October 29, 2008
The Citadel is one of the world’s greatest monuments to medieval warfare, and often the most popular non-pharaonic monument.
Impressions of Egypt Number 7
In keeping with the blog’s theme of “Enrich Your Life, Enrich Your Relationships,” this is one of several posts about a trip we took in December 2007, to Egypt. It definitely enriched my life and expanded my understanding of that country, and of the many challenges they face as they evolve into a different kind of country than the one I visited. — Note added in 2011 after the spring revolution
This entry could also be filed as one of my “visual viewpoints” you may have seen in earlier posts.
For this blog entry I’ll give you a few facts about the Citadel in Cairo that I’ve stolen off the web. No point in racking my brain to explain this magnificent tourist attraction which houses a number of museums, ancient mosques and other sites.
The Citadel is one of the world’s greatest monuments to medieval warfare, and often the most popular non-pharaonic monument, as well as a highly visible landmark on Cairo’s eastern skyline.Particularly when viewed from the back side (from the north), the Citadel reveals a very medieval character.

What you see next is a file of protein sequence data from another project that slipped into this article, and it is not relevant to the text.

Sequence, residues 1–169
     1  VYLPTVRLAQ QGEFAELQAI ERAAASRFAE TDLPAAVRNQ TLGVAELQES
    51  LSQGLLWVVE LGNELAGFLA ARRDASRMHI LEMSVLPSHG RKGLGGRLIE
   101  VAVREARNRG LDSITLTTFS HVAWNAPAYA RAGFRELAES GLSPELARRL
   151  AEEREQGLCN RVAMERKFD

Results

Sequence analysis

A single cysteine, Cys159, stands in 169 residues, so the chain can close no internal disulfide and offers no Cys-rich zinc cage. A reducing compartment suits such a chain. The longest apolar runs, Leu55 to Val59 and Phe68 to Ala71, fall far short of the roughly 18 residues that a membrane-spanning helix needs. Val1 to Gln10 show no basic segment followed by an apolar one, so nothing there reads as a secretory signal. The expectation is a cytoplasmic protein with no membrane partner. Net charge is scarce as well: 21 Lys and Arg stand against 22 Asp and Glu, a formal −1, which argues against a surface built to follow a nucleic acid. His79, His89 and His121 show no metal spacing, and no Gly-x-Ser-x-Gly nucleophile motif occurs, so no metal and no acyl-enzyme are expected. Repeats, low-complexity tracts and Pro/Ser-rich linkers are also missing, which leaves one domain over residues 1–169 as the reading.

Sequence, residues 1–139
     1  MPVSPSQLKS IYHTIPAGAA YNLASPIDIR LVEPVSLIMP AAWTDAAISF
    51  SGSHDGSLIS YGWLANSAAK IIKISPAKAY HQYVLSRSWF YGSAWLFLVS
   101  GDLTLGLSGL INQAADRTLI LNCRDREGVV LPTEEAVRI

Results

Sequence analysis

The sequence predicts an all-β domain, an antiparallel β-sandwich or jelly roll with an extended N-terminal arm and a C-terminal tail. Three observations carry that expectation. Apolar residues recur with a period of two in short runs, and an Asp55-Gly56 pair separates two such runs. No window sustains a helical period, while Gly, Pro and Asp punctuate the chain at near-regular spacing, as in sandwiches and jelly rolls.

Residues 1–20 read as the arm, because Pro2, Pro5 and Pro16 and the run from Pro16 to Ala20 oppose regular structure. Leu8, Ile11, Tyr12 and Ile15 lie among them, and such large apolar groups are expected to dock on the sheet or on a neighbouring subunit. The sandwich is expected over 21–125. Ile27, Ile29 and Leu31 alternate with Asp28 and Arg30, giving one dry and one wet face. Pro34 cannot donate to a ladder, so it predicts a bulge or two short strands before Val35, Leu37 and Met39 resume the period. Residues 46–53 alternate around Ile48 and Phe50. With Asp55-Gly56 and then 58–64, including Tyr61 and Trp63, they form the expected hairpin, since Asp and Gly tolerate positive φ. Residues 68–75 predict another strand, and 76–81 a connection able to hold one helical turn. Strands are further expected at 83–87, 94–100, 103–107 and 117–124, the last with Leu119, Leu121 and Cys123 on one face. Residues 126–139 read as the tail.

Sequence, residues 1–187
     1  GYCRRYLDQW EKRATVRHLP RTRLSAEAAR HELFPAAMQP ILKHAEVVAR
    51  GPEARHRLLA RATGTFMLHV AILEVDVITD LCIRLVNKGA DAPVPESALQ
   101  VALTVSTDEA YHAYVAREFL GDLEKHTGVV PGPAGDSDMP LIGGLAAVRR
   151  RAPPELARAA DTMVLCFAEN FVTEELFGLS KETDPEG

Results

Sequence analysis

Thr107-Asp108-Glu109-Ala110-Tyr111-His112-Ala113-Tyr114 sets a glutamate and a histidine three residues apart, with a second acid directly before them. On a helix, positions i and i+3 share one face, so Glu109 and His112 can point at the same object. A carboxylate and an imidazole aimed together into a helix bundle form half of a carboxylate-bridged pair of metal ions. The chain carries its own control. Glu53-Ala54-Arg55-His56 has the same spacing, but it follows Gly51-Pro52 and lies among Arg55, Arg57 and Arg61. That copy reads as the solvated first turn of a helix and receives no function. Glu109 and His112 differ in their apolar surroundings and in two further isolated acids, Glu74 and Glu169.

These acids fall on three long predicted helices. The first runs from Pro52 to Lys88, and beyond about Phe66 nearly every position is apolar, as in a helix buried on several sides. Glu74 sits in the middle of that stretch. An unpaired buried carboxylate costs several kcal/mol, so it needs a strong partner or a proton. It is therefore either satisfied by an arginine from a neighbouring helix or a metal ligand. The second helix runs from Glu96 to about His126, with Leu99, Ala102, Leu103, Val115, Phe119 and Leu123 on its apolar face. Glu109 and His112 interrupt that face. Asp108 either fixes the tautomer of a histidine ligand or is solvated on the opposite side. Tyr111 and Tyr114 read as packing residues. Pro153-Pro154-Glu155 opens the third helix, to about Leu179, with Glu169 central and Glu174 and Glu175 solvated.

However, the area where the Citadel is now located began it’s life not as a great military base of operations, but as the “Dome of the Wind,” a pavilion created in 810 by Hatim Ibn Hartama, who was then governor. Indeed this area was well known for its cool breeze.
These early governors, not realizing its strategic importance, simply used the pavilion for its view of Cairo. Between 1176 and 1183, Salah ad-Din (Saladin to Westerners 1171-1193 AD) fortified the area to protect it against attacks by the Crusaders, and since then, it has never been without a military garrison. Originally it served as both a fortress and a royal city.
Since our visit, a piece of the quarry broke off and killed a number of people. And again, as I’ve discovered with each new country we’ve had the privilege of visiting, world news takes on a whole new perspective when you’ve been someplace and have a better feeling for how events would affect the people there.